These books all have my recommendation. They do the soul good, and their fun.

 

The classics

I wish I had a better idea of what this upcoming vacation will be like. I don’t know how much time will be on the road, how much time will be spent at various sites, and how much time will be spent camping or staying at motels. I figure, if a lot of the time will be spent on the road or camping, that would be a good opportunity to do some reading. I have a folder set up on my kindle specifically for reading material for that trip. Mostly it includes stuff in the public domain which I got from Gutenburg, so I can get familiar with some of the classics. At the very least, I want to try out Peter Pan. I’ve watched Hook recently, so this would be a nice way to get closure on that experience. And then I want to have a go at rereading Alice and Wonderland and Through the Looking-glass. If I’m feeling ambitious, I will attempt Jane Eyre.

But I also have other books planned, in case I’m not in the mood for classics. Mom’s written a story that I haven’t read yet that I think I’ll like, and it’s possible that I could check out a kindle book from the library. I’m hoping a copy of Wintersmith by Terry Pratchett is available. It can be wonderful reading the Tiffany Aching books… and it is so good to see Granny Weatherwax again.

I just… I dont’ want to waste dead time. If I’m going to be spending a lot of time on the road, it is best I do something productive while I do it. I’m going to regret not taking the chance while I have it.

Just finish and Office hours

I started playing around with a sort of fairy tale multiverse kind of story. Not much of a plot, just little romances. I’ve got 5,000 words on it, which is an accomplishment. But already I have a problem with it- with the story. But I’m afraid that if I stop, even to rewrite, at this point- I’ll never get it done. I’ve never really ever finished a story. I’d like to think that maybe this time I might. At the moment, it seems more important to finish a story than to be 100% satisfied with the logistics of the thing. When it’s done, then I can focus on quality, or doing rewrites.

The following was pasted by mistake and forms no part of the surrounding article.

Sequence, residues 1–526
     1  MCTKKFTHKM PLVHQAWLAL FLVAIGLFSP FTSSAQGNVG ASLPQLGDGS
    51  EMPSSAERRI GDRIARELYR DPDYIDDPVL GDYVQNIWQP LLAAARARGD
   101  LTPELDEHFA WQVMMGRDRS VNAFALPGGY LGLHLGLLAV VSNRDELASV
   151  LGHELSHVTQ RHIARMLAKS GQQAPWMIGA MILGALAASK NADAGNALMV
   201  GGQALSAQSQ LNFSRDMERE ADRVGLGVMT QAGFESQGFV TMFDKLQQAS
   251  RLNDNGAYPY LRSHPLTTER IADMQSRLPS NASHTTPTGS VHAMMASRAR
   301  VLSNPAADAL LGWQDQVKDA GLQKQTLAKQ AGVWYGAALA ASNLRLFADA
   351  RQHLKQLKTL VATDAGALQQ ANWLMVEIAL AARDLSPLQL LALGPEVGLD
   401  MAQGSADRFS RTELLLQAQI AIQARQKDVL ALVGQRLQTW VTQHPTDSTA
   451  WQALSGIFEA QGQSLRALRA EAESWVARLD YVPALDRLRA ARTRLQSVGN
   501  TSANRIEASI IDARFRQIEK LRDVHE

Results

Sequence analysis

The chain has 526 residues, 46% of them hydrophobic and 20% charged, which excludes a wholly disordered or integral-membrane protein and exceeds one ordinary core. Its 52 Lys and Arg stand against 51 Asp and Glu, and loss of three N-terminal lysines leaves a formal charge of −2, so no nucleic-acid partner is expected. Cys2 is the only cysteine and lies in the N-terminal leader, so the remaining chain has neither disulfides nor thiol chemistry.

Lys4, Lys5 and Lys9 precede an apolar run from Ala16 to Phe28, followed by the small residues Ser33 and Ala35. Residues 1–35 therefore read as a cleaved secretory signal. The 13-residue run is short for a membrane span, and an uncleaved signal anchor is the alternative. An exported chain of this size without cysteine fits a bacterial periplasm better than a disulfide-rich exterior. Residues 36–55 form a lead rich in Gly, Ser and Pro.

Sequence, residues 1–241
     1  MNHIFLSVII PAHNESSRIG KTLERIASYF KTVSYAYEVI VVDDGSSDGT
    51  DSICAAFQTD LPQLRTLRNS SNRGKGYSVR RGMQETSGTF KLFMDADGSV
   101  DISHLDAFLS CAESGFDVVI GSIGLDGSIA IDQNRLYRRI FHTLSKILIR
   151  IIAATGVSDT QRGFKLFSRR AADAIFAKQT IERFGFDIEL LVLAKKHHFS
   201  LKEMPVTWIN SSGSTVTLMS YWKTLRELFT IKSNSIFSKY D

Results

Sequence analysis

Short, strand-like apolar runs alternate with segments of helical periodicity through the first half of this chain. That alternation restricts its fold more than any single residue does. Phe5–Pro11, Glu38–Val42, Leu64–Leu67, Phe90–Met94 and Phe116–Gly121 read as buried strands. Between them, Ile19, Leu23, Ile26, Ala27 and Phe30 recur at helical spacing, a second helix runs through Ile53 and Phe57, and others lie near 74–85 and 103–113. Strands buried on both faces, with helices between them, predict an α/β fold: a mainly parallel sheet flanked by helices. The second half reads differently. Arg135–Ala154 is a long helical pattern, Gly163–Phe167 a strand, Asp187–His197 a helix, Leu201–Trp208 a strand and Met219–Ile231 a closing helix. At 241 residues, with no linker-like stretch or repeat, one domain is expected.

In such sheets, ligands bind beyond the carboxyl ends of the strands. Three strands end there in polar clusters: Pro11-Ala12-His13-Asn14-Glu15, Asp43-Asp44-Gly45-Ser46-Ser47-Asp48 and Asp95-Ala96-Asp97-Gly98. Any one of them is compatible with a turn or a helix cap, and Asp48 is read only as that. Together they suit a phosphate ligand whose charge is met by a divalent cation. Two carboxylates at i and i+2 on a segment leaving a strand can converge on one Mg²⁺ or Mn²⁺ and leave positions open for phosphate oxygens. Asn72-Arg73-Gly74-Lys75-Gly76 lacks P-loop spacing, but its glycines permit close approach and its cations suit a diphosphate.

Do you know, I like getting help from teachers outside of class. But I think teachers like it to. I think they like being directly involved with the students, and I think it feels good when they can see the results of interacting with their students.

Plot bunnies

There are times in life when I am on my knees thanking God for my great imagination and creative talents. There are other times when I can’t imagine why anybody would want to be a writer or an artist- it’s so painful at times.

I have expressed to you before the difficulty that sometimes exists when you live in a family with a lot of writers. You begin to feel out of the loop. At first it wasn’t so bad. Consider when I was twelve, for instance. At that time, it was pretty much just Mom who was writing. So when the extended relative asks you if you’re going to be a writer like your Mom, one can feel pretty comfortable in saying ‘no,’ quite confidently. I still say it with with a fair amount confidence. “No, I am not going to be a writer.”

But am I going to write? That’s a harder question to answer.

I’m older now, and most of my younger siblings have shown an interest in writing of some form or another. And in recent years, plot bunnies have been invading my mind. I think it’s safe to say they started their attack my junior year of high school. They’re just fragmented ideas or characters, nothing of real quality or substance- nothing has even ever been complete. And I want them to be complete, so that I can write them down and get them out of my head. But they just stay up there.